What I am saying is that the famous issue does not play at all. Legacy does, sometimes. I also listened to our pre-law advisor have a converstation with Stanford about a legacy student. He was URM native american, enrolled member of tribe, appointed leader in tribe, and on and on. Pretty impressive. When she asked if it mattered whether or not the kid's dad had gone to stanford they said (very smugly) "Well...did he go to stanford law?" "Yes, of course" "(pause) (sigh) What is his father's name?" So basically T3 schools could care less about any of that. They only want the brightest and best who can demonstrate this on paper without anyone special chiming in.
We have to remember that we are talking about (even though maybe they deserve to be) some of the most self-impressed people in the world. Yale, Harvard, and especially Stanford feel like even a 4.0, 180, school president, URM, ambassador to haiti, published ten times at the age of 20 candidate should thank them on bended knee for even reading their file. I am sure especially these three would take exception with anyone thinking they could be wowed by a letter from a famous person. If that famous person knows the individual very well then it will be the second factor, not the first, that looks good to them.
Again, the dean of admissions from GW said right in front of me that they get over 1,000 LORs annually from senators/congessman and always a dozen or so from the exact same senator (apparently orrin hatch is infamous for this), and there are always some that look identical. They want to hear from someone who knows you. And is qualified to evaluate your capacities as a law student.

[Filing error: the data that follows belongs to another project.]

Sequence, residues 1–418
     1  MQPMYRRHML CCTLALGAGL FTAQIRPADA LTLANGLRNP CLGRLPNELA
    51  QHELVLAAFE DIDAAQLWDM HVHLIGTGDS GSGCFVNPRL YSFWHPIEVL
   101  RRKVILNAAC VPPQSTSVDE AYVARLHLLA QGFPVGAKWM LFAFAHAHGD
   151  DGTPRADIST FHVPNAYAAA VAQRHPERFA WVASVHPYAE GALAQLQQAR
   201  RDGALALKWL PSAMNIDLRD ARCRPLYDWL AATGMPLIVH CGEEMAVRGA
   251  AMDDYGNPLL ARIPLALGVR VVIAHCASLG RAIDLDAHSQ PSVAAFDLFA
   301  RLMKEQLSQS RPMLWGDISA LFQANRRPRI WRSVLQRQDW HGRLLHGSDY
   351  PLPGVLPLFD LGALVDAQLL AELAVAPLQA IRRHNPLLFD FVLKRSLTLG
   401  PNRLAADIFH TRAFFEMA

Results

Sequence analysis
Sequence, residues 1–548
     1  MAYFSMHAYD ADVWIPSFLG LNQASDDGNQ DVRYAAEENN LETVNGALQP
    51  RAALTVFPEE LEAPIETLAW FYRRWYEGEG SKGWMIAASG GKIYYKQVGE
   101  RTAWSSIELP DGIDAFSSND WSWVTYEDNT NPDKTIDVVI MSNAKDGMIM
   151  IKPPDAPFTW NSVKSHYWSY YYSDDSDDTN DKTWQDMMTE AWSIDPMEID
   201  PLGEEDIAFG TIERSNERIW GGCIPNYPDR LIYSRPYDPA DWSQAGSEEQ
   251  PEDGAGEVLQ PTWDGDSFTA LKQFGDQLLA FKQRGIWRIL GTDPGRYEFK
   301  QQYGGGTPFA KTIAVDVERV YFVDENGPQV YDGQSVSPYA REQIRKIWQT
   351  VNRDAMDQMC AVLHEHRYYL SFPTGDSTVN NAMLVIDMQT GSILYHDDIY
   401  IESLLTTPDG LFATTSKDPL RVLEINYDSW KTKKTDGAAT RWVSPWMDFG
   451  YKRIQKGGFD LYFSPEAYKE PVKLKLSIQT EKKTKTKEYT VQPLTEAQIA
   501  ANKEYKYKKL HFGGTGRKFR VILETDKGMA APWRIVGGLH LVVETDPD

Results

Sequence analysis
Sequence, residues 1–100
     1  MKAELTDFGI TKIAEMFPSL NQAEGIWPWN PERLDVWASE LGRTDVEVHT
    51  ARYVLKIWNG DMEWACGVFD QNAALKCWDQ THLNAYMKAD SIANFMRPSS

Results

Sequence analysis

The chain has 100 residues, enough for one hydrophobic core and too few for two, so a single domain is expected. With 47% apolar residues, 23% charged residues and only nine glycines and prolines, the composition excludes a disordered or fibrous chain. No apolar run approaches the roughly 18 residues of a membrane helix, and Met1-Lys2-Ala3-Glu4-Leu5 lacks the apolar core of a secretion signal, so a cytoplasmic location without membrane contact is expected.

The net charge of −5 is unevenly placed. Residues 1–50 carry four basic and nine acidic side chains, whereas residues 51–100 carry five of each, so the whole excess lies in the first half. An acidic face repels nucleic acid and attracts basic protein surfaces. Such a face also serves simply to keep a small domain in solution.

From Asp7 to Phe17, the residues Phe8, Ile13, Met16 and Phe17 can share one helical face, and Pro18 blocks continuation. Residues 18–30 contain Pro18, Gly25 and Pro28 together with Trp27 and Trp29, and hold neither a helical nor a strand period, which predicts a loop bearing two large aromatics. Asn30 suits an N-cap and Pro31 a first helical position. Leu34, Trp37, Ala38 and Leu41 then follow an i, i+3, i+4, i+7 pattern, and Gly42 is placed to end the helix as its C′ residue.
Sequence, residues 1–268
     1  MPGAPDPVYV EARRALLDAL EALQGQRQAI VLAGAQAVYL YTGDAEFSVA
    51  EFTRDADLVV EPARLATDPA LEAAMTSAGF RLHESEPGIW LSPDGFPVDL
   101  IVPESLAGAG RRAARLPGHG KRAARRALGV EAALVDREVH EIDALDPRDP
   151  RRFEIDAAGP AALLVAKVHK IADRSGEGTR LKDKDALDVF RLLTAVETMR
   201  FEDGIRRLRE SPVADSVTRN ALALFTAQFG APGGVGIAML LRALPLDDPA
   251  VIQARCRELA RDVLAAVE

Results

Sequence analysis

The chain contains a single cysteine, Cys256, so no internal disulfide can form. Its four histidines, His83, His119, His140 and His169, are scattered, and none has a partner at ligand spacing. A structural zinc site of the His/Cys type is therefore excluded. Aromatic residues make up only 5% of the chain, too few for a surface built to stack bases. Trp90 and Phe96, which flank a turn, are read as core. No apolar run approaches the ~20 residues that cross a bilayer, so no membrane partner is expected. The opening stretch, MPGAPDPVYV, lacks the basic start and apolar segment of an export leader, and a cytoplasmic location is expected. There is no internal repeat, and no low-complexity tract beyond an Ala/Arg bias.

davipatr wrote:Deans of admissions do not like these letters. They find them personally insulting, and I have heard several say as much. What you have to consider is that the famous person you can get a letter from is probably hit up for a letter multiple times per years, and at this point has a form letter routinely given out to anyone who wants a recomendation.
I have heard several deans (GW, Georgetown, American, Stanford) say that every year at least a few people send in the exact same letter only with the name changed because their local senator recommended them both. Needless to say this did not help them. Without exception all I have heard from deans and admissions people is that what they really want is someone who can speak to your specific qualifications and characteristics. They trust any professor as much if not much more than any famous person.
ps. (our university has a dean's night each fall and spring where they hold a mock admissions panel to educate people on the process) they also frown on famous people putting in a call unless they already have a personal relationship with the school. Basically they think they are awesome (after all, you applied for consideration at their school) and they don't enjoy having someone else's awesomeness thrown in their face.
GW's dad had already been to Yale.
Are you saying this is true in all cases, or just when the recommender doesn't know the applicant very well? I understand why a generic letter from someone famous would be frowned upon, but I would find it weird if it was still looked down on if the applicant actually has a really good relationship with a recommender who just happened to be famous.